Two kings of the indie dancefloor unite for a warm, timeless take on 20th century pop and rock
And now...the quietness you can carry....
Their abiding method an infrequent opiated strum, their constant mood a dolorous fringey longing, Galaxie 500 found beauty and sadness walking hand in hand. Like their obvious forebears The Velvet Underground, the music they made from these elements was, however, gloriously out of step, critically applauded but popularly unrecognised. And underwritten with this small tragedy, 'The Portable Galaxie 500' goes to work.
Their quiet might still looms. Not simply in their own material (Wareham's plaintive cries freeze the soul on 'Fourth Of July'; the barely-organised reverberating shuffle of their sound ebbing between rudimentary twangs and thrilling noise), but also - and this is a fine thing - in their cover versions. Galaxie 500 took Jonathan Richman's 'Don't Let Our Youth Go To Waste', and Yoko Ono's 'Listen, The Snow Is Falling' and filled them (frighteningly hollow, exultantly sad), simply, with their sound.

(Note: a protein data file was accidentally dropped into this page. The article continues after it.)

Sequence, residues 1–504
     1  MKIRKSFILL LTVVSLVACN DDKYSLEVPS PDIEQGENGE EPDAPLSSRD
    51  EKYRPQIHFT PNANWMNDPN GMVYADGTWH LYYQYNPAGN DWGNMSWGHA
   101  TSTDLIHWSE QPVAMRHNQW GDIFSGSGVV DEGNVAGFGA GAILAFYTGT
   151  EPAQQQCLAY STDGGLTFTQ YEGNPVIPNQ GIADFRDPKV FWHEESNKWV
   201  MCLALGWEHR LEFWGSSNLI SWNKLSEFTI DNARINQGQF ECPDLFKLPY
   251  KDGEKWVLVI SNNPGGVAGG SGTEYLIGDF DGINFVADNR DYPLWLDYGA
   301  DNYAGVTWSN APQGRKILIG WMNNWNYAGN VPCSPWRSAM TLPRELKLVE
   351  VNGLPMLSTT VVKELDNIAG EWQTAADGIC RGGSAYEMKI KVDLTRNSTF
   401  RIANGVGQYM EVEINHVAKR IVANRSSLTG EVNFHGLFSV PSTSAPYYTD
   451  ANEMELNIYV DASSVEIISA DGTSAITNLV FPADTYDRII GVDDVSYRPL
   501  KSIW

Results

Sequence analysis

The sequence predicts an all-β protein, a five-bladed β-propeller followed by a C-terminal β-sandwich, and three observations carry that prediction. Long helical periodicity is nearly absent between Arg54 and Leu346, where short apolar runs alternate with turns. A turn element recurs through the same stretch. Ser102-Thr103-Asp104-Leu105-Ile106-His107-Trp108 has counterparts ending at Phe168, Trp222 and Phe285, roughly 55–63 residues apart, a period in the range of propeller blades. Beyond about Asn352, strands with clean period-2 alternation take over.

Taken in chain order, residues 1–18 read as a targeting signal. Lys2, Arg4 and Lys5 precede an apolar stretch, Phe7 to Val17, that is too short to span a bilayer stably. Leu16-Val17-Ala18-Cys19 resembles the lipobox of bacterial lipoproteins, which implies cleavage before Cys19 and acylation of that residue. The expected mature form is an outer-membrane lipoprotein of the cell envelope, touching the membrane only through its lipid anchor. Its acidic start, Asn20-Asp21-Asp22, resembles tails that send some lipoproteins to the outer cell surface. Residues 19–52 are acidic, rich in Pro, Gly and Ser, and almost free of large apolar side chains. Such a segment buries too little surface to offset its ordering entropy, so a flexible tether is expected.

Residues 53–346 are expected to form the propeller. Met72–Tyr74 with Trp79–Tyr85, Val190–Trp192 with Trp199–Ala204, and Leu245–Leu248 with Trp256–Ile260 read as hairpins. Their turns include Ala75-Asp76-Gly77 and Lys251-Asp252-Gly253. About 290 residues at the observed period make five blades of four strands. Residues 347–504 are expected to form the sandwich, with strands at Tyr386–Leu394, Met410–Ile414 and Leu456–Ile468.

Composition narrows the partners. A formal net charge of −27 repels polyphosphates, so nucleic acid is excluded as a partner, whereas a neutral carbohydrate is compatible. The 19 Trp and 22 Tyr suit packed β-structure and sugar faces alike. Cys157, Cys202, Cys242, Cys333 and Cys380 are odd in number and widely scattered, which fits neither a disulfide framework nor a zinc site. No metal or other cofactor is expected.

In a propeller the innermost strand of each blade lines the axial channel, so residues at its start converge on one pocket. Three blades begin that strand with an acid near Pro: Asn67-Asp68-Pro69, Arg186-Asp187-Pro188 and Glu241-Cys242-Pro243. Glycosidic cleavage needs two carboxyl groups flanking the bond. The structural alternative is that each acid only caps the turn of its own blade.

If that sound has a name, it's an ache. And rarely does fragility feel so strong.
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